You can now spread out all the parts

injector_2_pieces.jpg

I like to keep the parts from each injector together throughout the process… it makes final calibration a bit more predictable and seems to result in less leaking.

I also like to take a power wire brush to the outer casings and polish ‘em up… it makes them look better, assemble easier, and most importantly keeps a speck of rust from gumming up a nozzle during re-assembly.

 

 

 

 

 

 Here's a schematic drawing of how all the parts fit together:

kca_injector.jpg

 

 

 

 

 

 

 

 

 

 
If you examine the bottom of the top half of the injector you will probably find grooves worn into the sealing surface.

injector_3_bodygrooves.jpg

 

 

 

 

 

Likewise for the spacer or "intermediate disk":

injector_4_spacergrooves.jpg

  

 

 

 

   

 

Step 2: Lapping

 

In order for the injector halves to seal properly these surfaces need to be super flat.  If the surfaces have worn at all this will require lapping, using a glass plate and successively finer grades of sandpaper. 

Lapping removes metal and so should be done as sparingly as possible.  Carefully inspect the surfaces ( spacer and injector top)... if a lot of wear is evident you may need to start at 600 grit and work your way up to 2000.  If there is very little wear a polish with the 2000 grit paper may well be enough.  The official Bosch equipment is even finer (4000+) but I've had good results with good old autobody sandpaper.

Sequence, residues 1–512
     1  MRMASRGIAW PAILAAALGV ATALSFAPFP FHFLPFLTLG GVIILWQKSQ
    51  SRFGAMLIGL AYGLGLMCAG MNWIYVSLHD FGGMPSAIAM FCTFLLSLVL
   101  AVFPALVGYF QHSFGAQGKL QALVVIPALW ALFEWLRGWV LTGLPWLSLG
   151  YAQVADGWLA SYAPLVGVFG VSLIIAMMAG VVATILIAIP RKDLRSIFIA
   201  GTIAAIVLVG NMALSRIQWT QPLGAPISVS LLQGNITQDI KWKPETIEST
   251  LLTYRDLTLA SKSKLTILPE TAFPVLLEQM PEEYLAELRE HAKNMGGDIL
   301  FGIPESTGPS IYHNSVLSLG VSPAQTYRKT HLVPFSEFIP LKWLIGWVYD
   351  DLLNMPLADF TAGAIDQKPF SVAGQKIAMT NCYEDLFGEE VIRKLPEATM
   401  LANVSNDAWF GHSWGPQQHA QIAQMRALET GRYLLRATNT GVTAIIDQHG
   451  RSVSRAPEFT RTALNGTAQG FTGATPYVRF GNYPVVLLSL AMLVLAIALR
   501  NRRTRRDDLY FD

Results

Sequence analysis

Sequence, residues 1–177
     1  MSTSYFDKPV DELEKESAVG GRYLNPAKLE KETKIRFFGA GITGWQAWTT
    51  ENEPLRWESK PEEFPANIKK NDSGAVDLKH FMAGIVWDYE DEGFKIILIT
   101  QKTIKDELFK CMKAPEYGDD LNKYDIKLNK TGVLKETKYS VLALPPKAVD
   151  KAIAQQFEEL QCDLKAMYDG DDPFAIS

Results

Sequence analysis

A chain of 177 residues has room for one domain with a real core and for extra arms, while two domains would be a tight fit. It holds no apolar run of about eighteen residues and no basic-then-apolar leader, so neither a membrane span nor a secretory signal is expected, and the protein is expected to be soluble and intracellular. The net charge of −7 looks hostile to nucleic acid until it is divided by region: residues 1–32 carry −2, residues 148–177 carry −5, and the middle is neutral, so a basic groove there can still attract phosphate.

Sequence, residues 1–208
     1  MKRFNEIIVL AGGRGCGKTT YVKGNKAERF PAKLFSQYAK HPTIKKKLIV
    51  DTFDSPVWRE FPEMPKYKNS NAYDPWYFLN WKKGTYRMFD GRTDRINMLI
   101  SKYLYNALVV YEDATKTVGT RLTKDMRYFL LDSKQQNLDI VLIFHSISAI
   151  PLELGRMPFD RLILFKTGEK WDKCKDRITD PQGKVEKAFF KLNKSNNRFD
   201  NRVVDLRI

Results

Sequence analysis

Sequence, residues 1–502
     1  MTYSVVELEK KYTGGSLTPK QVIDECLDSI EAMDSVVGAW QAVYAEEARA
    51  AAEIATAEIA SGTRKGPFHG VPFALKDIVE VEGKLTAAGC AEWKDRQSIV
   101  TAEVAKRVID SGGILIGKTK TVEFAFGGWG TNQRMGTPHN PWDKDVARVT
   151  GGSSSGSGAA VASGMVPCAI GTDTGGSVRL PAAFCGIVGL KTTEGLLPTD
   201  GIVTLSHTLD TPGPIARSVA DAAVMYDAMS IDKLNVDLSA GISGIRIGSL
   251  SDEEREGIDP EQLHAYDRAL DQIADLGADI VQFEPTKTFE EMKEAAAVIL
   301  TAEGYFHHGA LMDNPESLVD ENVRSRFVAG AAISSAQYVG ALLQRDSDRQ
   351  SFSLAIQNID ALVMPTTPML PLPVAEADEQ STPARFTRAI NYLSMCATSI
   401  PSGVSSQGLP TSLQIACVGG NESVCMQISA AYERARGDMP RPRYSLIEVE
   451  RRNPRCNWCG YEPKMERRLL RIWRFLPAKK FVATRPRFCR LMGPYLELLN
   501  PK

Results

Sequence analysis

The glass plate (I used an cheap picture frame for the glass). 

injector_5_glass.jpg

 

 

 

 

 

 The purpose of the glass plate is to give you a very very flat surface to sand on.

  Start by lapping both sides of the spacer.  Use circular looping motions, moving from one grade of sandpaper to the next (transfer the glass plate as well so that you are always lapping on a flat surface) .  Lap both sides of the spacer, keeping the metal as flat as possible.

injector_7_lapping1.jpg

 

 

 

 

 

Finish up by lapping the bottom of the top injector half

injector_8_lapping2.jpg

 

 

 

 

 

When you’re done all signs of wear will be removed and you should have extremely flat sealing surfaces

injector_9_lappingdone.jpg

 

 

 

 

 

Lay out all the parts for reassembly.  I tend to keep the parts from each injector together as I work thru the process… seems to result in less leaking and also keeps the breaking pressure as close to original as possible

injector_10_parts.jpg






 

 

Step 3: Cleaning

 

IMPORTANT:  from now on be surgically clean… the injectors and nozzles are precision parts, and a tiny bit of dirt will ruin your whole day !  Assemble on a clean surface, using clean hands and tools.

I start by thoroughly rinsing all parts in very clean solvent/paint thinner/etc

injector_11_cleaning.jpg

 

 

 

 

 

I then spray them down with brake drum cleaner and compressed air to make sure they are very very clean.

 

Step 4:  Reassembly

 

Finally it’s time to crack open the new nozzles from their protective plastic cases… they will probably look much more presentable than the old ones

injector_12_old.jpg

 

 

 

 

 

Reassembly is the reverse of assembly (always wanted to say that)… I start by installing the new nozzle

injector_13_nozzle.jpg

 

 

 

 

 

I put a very thin coat of antiseize on the threads of the top half, since I’ll be back this way again in about 75K miles.  

injector_14_antiseize.jpg

 

Be very careful not to get any on the sealing surface however.

If you look carefully you’ll see a groove filed in the round surface of the top injector half.  I do that to remind me what nozzle is installed:  no groove= stock nozzle, 1 groove = GTD nozzle, and two grooves = Mercedes 300D nozzle.